- Vanilla. Vava'u is a major production area for high quality vanilla and wandering around the countryside on the main island will give you a chance to see how the vanilla bean grows. The plant, a member of the orchid family, has a small cream or yellow flower which must be hand pollinated. The bean then takes nine months to grow, after which it is dried and cured, which develops the flavour and turns the pod dark brown or black. It is said to be the most labour-intensive agricultural product in the world. The value of individual beans means that farmers go to great lengths to protect them from theft, including pricking their individual code numbers on each bean with a pin.
- Mt Talau National Park. This was established in 1995 to preserve one of the few remaining areas of relatively undisturbed native forest. It is located on the main island. The Park has several tree species that are endangered in Tonga. Most of the birds and reptiles native to Tonga can be found here. Mt. Talau is also important as a source of Tongan legends. The entrance is approximately 2 km from the centre of Neiafu and the trail is approximately 1 km.
- ‘Ene’io Botanical Garden., Tu’anekivale village (on the east coast of the main island.). The garden aims to promote the survival of native and exotic species and also to provide a sanctuary for bird life. Conservation successes include tree ferns, sandalwood species, bamboos and breadfruit species. You can leave a permanent memory by planting your own tree. There is also a Visitors’ Centre where you can see tapa and other artefacts being made and sample the traditional drink of kava. Lunch is provided (if booked in advance) on Wednesdays, Fridays, Saturdays and Sundays. On Thursday evening there is a Tonga Feast.
- Walks. There are several good walks from Neiafu including the climb up 131 m high Mt Talau (see above) which has excellent views over the harbour. Toafa Church on the west point of Vava'u has good views of the cliffs of Hunga island and other islands. Past Holonga in the North, you can walk up to the 'Utula'ania Point/Lookout or hike down to "Secret Beach".
- Boat tours. Day trips around the islands are available from several companies for about $50 per person. These tours visit Mariners Cave (which is accessible through an underwater tunnel), Swallows Cave (excellent for snorkelling) and one or two of the many secluded beaches around the Group. Vava'u Island Express offers day tours and snorkelling trips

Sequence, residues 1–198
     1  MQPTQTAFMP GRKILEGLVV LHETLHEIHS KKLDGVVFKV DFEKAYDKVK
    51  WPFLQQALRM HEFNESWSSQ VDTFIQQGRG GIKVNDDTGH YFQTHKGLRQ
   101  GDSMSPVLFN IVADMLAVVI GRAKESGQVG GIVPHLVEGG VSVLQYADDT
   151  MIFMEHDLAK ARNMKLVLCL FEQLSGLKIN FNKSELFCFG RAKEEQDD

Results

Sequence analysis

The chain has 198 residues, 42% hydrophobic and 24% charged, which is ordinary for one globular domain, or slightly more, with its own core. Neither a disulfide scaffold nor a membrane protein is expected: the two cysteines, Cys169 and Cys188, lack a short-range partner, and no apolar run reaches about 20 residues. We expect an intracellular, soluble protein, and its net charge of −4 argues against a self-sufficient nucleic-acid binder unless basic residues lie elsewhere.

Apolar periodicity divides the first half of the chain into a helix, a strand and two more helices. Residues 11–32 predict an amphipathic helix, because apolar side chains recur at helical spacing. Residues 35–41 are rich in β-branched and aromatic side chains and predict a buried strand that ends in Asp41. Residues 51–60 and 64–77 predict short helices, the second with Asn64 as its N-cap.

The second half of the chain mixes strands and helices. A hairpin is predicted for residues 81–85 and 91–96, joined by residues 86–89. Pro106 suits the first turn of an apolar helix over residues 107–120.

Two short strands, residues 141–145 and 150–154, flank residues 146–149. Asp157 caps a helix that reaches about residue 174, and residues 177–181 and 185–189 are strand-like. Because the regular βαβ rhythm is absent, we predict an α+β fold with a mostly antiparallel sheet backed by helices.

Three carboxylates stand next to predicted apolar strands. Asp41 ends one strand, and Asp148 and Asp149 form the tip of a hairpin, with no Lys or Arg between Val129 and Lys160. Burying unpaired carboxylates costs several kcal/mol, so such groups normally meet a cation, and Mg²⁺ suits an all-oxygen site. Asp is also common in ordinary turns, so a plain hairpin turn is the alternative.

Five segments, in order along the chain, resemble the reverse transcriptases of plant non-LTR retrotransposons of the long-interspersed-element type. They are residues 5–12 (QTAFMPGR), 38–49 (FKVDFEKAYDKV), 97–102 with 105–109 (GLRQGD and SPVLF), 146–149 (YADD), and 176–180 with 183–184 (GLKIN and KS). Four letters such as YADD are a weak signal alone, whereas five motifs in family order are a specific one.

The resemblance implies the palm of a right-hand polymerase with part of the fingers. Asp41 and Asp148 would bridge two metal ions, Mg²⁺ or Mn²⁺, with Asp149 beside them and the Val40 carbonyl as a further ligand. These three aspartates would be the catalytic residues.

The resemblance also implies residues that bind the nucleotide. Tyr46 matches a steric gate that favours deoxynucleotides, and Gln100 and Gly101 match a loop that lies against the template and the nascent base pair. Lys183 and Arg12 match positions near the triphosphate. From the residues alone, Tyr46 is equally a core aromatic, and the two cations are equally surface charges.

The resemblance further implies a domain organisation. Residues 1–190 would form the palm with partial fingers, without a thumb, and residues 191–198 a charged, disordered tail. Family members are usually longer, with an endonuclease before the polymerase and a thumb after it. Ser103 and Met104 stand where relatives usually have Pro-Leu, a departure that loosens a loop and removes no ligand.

- Diving. Visibility is excellent and the diving is great. Lots of dive sites, offering hard and soft corals, sea fan grottos, wall diving and magnificent caves. Equipment can be rented and diving tours arranged. There are several PADI qualified dive instructors. Companies include Beluga Diving, Dive Vava’u, Tongan Expeditions, and Dolphin Pacific Diving,
- Sailing. Vava'u is one of the most popular yacht cruising areas of the South Pacific. You can charter boats without provisioning or fully provisioned with a skipper and a cook. Short or long duration charters can be arranged. Companies offering charters include Sailing Safaris, Melinda Sea Adventures, Orion Charters (day charters only), Sail Tonga, and Moorings International (firstname.lastname@example.org).
- Whale Watching. From June to early November humpback whales calve and mate in the calm waters. It is not only the sight that is fascinating: the male whales sing. Whale songs vary according to location: each year the song at each location changes. The effect of their singing on humans swimming with them is magical with the sound vibrating through your entire body. Whale watching excursions are available from Sailing Safaris, Endangered Encounters,Melinda Sea Adventures (which offers whale tours under sail), Whale Watch Vava'u and Vava'u Adventures.
- Snorkelling. There are some great beaches throughout Vava'u. Snorkelling and reef viewing opportunities abound. Vava'u Island Express offers snorkelling trips
- Kayaking. Guided tours of six and eight days to remote islands are available between May and December from the Friendly Islands Kayak Company You may run into turtles, porpoises, whales, flying foxes and many sea birds.
- Kite surfing. This is offered by Kite Vava'u.
- Fishing.Vava’u offers Blue Marlin, Black Marlin, Striped Marlin, Sailfish and Short-billed spearfish, as well as pelagic species such as Yellow Fin Tuna, Dog Tooth Tuna, Mahimahi, Wahoo and Giant Trevally. Fishing trips are organized by Target One and Ika Puna Game Fishing and Kiwi Magic. Specialized GT fishing charters are available with Poppin' Tonga
- Kava (for men only) located across from Saint Joseph's Cathedral, the Nazareth House Nasaleti is good for cultural immersion for only T$3 it's all you can drink. Another option is just asking any local man to steer you in the right direction.